Mind Mapping – A Helpful Tool?

2010 January 18

I am a visual thinker. Ideas come to me as pictures. I love to doodle, sketch, look at photographs and observe people. The roaster project has started to fill my head with ideas and I feel like my head is going to explode. I need a way to organize my thoughts or at least dump them out onto paper or other medium so I can move forward. A friend of mine, Jeff Moriarty, mentioned mind mapping to me a couple of months ago as a way for visual thinkers to organize thoughts and “stuff”.

Now I am convinced that I need something like mind mapping. Below is a mind map (unrelated to coffee) done on paper. It visually organized info and shows relationships is a way that works for me. I think that it would help me see some relationships that are not obvious in text or on a spreadsheet.

What is not clear to me is how to execute a mind map. On the one hand, having a big roll of butcher paper that I carry around and colored markers is very appealing to my old school aesthetic. The actual touching the paper and doing the markings would have lots of sensory benefit. However, it is hard to share with others not present. I can just see myself scanning a portion of it as a PDF and e-mailing it to someone. Cumbersome! There are several mind mapping software applications available either for free or a very nominal cost. These ease of sharing is a huge benefit, as well as being able to edit the thing with using “white-out”. The downside is the learning curve and less sensory connection.

I am planning on testing  FreeMind and MindNode against my roll of butcher paper. I’ll update my progress as I come to some conclusions.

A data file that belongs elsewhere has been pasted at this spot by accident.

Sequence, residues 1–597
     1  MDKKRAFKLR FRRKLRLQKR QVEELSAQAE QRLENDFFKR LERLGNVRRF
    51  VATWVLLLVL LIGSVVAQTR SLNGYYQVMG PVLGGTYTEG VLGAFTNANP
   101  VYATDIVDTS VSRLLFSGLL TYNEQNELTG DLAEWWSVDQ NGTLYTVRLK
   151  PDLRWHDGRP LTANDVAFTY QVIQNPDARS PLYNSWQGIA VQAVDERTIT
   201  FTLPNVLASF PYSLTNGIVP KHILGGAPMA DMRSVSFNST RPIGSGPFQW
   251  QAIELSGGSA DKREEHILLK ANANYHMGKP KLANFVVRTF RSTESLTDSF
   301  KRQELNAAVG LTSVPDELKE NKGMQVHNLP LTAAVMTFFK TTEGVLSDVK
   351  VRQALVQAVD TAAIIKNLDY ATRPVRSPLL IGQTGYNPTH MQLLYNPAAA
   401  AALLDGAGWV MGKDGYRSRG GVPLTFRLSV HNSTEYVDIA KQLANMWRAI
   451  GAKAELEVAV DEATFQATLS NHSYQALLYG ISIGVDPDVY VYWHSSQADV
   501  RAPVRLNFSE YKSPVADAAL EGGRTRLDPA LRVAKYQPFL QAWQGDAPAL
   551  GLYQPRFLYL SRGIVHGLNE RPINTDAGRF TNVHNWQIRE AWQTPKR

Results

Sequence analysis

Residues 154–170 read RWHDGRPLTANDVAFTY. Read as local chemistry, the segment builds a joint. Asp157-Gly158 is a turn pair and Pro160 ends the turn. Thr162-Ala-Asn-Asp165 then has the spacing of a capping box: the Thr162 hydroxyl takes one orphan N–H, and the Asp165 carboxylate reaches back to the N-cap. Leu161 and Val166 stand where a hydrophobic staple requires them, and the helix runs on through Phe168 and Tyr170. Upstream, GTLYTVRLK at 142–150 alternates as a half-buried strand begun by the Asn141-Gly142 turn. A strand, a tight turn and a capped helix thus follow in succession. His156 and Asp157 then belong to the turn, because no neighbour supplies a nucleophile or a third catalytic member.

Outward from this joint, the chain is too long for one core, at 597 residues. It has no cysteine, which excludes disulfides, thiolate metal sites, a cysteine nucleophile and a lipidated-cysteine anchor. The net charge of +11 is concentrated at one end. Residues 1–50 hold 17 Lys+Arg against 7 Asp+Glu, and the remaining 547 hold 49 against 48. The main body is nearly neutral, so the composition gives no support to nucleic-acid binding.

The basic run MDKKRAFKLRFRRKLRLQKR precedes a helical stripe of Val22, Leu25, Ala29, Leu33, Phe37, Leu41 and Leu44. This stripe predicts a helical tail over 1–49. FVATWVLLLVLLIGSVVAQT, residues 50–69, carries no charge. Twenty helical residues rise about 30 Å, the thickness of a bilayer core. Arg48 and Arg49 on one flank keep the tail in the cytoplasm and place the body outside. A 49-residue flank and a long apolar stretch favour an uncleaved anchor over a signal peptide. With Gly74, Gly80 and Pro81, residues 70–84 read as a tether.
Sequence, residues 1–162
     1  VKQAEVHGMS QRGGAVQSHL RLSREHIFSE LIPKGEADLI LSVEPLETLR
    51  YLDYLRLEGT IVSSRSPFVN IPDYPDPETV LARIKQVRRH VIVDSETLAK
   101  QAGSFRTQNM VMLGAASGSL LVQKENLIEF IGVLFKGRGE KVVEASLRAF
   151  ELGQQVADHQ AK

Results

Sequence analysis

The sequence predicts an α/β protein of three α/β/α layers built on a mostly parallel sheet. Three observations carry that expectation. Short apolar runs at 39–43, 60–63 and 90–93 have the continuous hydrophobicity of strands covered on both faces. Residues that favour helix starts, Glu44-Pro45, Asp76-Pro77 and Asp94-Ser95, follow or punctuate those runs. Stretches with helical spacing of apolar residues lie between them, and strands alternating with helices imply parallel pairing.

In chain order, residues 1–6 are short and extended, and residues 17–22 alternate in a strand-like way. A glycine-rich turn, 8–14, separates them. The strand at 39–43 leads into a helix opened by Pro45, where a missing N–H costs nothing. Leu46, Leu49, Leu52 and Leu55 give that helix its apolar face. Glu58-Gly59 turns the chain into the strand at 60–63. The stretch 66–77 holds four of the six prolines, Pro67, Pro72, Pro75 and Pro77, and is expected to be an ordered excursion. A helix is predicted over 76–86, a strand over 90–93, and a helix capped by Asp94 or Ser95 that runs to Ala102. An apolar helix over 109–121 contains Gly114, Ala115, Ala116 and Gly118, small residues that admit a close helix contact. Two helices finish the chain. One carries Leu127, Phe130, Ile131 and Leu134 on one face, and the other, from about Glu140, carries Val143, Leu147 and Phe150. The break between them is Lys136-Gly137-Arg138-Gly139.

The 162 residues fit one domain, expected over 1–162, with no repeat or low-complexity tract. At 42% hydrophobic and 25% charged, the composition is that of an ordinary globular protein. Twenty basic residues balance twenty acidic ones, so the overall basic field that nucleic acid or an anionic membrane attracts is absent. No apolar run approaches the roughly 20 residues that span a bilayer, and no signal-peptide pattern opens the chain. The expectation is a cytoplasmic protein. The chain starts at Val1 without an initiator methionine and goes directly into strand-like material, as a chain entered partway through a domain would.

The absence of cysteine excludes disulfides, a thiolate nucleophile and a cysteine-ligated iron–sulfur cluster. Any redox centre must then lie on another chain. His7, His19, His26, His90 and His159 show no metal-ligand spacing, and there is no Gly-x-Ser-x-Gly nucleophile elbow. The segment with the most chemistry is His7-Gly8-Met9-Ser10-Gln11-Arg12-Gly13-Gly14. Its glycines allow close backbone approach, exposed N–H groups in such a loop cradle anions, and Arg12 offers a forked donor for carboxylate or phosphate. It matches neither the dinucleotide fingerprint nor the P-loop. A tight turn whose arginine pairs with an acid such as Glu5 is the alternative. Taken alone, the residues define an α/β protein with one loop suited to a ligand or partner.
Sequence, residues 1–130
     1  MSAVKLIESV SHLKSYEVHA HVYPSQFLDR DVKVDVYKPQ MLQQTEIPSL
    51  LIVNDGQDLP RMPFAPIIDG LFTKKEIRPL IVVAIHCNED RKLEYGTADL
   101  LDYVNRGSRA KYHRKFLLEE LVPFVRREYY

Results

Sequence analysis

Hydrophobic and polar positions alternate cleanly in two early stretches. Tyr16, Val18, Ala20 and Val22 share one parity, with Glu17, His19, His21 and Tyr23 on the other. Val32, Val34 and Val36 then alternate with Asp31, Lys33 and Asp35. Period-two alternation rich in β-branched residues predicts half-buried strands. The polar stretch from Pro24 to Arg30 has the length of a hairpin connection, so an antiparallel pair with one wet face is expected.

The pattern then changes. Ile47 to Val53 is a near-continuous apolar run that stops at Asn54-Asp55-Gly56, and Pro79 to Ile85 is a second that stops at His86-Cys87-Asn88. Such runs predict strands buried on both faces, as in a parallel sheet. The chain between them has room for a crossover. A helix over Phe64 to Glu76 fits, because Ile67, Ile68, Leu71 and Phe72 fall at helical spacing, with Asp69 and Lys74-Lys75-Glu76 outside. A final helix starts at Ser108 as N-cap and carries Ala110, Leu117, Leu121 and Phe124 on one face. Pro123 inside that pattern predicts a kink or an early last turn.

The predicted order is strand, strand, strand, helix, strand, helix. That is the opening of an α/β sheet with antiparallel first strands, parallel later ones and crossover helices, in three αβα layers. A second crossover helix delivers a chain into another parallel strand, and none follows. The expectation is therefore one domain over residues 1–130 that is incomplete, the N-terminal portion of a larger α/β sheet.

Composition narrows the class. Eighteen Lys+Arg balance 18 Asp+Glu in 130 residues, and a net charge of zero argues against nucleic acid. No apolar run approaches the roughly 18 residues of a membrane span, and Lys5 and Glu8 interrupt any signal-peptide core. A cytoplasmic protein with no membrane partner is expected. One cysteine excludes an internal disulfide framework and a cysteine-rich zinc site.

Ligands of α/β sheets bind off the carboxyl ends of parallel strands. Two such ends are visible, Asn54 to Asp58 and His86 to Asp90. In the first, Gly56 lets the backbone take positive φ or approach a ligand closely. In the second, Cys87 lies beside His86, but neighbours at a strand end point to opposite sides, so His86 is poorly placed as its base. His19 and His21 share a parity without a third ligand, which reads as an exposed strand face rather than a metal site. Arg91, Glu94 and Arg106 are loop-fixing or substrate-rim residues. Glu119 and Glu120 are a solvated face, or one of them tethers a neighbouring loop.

4 Responses
  1. January 18, 2010

    I’m looking forward to hearing what you discover, and my only concern is that the best tool I’ve used – MindManager – isn’t in this list. It is commercial software, but you can try it for 30 days at MindJet.

    What I love about mind mapping is that it incorporates both sides of the brain, and both sides of the creative process. It mixes logical relationships with creative free-association. The best tools let you easily grow and organize your map. As you get on a roll you don’t want to be fumbling for commands.

    Paper is the best for pure creativity, but there are so many places you can take a good mindmap technologically – from a project plan to a research outline – that a good tool is worth the investment.

  2. Kevin Briggs permalink
    January 25, 2010

    I have not used a mind mapping tool and I am only slightly intrigued with the concept. I would prefer another graphical tool to communicate the path I have chosen as a possible solution.

    The Goldratt Institute (www.goldratt.com) and the Thinking Processes for the Theory of Constraints is a tool to communicate current understanding of “simple decisions” (I was only introduced to the If…Then graphical model). My background is science and engineering and I prefer If…Then…Else scenarios. I am not aware of Thinking Processes being developed for the If…Then…Else scenarios.

    The UML for object-oriented software modeling is a another tool to model interactions and development life-cycles (even of other items than software). One of the strengths of UML is building “use cases” to describe how the items and interactions will be used. Booch and Rumbaugh were major contributors at Rational Rose but I do not recall the name change after IBM bought them.

    • January 25, 2010

      Thanks, Kevin, for the comment on tools to help the creative process. I will check out the Goldratt Institute and see what I think. I have tested two mind mapping software applications for far: Mindnode and FreeMind. They are both quite easy to use and I will continue playing with them. I also intend to do a hand drawn one, shortly. I am an engineer, by training, but more of a design engineer than a mathematical/linear one. Therefore, the more free flowing, visual methods appeal to me.

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